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It is not clear to me how a varchar(max) is declared or used in an SQL Server e.g. 2005
Is a variable declared as varchar(300000) for example considered as a varchar(max)?
E.g. I am seeing in a DB in a table a variable is declared as varchar(8000).
Can I simply increase it to varchar(300000)?
Thanks

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2 Answers

up vote 4 down vote accepted

When you define a maximum size explicitly, then you cannot define higher than CHAR(8000) / VARCHAR(8000) or NCHAR(4000) / NVARCHAR(4000).

When you define a variable as CHAR(max) or VARCHAR(max), you set the maximum size of that variable to 2GB.

There is no way to define a variable with a maximum size between 8000 bytes and 2GB.

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VARCHAR(MAX) is the same as using TEXT as the data type. They are both "large value types" that have a pointer to a larger blob of data. –  djangofan Aug 24 '11 at 16:24
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@djangofan not exactly. With the MAX data types the data is stored in row until the row overflows, then the data is moved to a dedicated data page (or set of data pages) and the pointer is inserted. Also different is that when using PAGE level compression MAX data values can be compressed as long as they are stored in row. TEXT, NTEXT and IMAGE data types will never be compressed as they are never stored in row. sqlmag.com/blog/troubleshooting-sql-server-storage-problems-51/… –  mrdenny Aug 24 '11 at 16:33
    
I see. So I would just have to declare it as VARCHAR(MAX) and I will be able to store up to 300000 bytes? Also is the declation with MAX? I mean literal? –  user76678 Aug 24 '11 at 16:34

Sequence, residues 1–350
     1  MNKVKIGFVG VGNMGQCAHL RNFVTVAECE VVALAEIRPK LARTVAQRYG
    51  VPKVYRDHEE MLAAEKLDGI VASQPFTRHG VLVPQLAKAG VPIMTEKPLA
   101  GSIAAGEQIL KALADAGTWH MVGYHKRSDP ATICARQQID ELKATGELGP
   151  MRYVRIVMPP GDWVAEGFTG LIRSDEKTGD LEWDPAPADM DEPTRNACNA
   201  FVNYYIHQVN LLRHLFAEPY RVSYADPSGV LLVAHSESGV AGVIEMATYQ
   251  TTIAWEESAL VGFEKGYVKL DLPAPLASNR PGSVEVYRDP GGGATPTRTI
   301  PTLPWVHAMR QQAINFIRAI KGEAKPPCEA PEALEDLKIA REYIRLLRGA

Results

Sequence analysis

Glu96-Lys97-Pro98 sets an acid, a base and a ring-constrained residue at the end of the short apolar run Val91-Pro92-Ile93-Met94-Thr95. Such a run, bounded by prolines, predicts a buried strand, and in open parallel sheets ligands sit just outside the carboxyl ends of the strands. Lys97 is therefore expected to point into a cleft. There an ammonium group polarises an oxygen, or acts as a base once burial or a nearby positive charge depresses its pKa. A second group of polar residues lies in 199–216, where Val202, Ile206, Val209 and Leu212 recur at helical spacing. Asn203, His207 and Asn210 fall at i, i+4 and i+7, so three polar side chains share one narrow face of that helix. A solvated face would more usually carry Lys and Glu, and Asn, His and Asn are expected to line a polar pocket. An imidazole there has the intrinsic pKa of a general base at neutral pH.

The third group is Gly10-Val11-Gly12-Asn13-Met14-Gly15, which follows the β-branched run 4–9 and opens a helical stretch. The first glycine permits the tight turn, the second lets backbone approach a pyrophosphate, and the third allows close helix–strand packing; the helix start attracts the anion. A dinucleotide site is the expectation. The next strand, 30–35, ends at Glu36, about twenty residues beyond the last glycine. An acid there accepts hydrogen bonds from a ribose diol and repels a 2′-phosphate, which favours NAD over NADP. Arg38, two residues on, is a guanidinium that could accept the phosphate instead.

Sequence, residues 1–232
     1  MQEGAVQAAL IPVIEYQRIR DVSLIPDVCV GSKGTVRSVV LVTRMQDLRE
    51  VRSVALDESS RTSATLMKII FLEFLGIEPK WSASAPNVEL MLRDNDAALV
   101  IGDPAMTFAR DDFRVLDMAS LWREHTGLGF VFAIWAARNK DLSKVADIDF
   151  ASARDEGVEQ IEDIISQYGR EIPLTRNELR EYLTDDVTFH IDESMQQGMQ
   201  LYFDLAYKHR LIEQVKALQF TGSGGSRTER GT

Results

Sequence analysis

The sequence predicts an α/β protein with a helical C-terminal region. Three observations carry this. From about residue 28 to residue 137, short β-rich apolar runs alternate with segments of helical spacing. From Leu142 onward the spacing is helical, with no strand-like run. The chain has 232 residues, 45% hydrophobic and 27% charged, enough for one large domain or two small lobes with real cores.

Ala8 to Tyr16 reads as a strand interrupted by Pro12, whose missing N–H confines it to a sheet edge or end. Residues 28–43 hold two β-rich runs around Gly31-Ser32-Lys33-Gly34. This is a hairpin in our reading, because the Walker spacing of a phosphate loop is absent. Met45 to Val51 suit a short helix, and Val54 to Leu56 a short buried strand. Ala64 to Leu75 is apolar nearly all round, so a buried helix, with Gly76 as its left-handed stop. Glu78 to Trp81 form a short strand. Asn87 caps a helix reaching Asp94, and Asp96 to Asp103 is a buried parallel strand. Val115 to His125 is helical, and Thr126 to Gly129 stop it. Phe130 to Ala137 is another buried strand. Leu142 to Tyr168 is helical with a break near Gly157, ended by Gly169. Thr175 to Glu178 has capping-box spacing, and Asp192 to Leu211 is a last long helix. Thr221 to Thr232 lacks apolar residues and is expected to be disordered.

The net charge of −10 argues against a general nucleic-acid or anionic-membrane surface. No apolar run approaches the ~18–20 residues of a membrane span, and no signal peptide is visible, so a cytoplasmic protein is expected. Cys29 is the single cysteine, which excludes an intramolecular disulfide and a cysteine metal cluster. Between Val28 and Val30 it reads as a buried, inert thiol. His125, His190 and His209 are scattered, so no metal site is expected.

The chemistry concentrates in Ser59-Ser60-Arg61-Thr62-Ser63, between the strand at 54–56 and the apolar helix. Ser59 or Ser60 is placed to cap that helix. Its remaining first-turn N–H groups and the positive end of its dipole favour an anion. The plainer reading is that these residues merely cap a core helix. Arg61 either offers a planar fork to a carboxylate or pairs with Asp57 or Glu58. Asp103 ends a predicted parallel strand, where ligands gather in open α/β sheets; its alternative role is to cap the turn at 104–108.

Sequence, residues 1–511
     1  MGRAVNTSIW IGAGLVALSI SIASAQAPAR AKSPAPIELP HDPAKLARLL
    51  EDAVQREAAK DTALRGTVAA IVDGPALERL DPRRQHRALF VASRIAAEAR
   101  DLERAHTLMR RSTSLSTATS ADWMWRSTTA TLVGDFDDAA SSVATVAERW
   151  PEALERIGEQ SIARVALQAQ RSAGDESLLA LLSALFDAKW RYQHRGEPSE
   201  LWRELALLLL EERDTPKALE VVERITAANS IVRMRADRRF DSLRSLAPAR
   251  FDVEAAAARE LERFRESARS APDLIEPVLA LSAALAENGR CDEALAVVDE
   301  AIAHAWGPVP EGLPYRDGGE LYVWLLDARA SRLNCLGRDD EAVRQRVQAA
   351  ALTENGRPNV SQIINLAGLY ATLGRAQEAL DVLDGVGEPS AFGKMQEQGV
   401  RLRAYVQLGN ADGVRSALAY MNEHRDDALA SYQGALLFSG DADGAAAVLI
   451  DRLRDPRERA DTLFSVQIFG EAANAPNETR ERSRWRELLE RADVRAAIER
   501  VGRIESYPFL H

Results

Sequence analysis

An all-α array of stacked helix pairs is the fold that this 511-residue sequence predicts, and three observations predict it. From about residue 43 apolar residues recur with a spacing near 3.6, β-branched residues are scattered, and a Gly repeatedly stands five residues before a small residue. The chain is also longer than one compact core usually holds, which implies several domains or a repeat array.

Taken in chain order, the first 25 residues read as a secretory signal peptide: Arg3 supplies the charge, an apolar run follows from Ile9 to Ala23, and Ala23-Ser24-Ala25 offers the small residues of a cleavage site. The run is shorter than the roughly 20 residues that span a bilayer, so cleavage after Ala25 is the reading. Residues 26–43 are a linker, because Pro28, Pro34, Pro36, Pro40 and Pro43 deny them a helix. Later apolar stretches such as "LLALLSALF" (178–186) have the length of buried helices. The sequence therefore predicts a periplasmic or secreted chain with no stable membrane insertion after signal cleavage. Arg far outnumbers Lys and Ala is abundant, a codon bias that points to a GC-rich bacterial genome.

@djangofan: nothing could be further from the truth. The legacy deprecated types (TEXT/NTEXT/IMAGE) have nothing to do with the new MAX types. They have a completely different API to manipulate (TEXTPTR/READTEXT/WRITETEXT), they cannot be used in functions that accept MAX types (REPLACE, SUBSTRING, STUFF etc) and they are stored in a different manner. –  Remus Rusanu Aug 24 '11 at 17:59
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No, you cannot. The max size for varchar on SQL server is 8000. If you want something bigger you need to use a different type, such as ntext or text .

Then, to find the length of data you have stored, you can do this:

USE AdventureWorks2008R2; // this db has an example for you
GO
SELECT length = DATALENGTH(Name), Name
FROM Production.Product
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Not true - the VARCHAR(max), CHAR(max) and VARBINARY(max) datatypes in SQL Server 2005 and 2008 allow for storage of up to 2GB without using NTEXT, TEXT, IMAGE or other BLOB types. –  Mike Insch Aug 24 '11 at 16:16
    
Your right, the length can be either 1-8000 or, by using MAX, it skips to 2,147,483,647 chars, just like "text" or "ntext". Seems kinda wierd, which is why I never thought it was possible. –  djangofan Aug 24 '11 at 16:19
    
@ Mike Insch - More exact info here: stackoverflow.com/questions/148398/… –  djangofan Aug 24 '11 at 16:21
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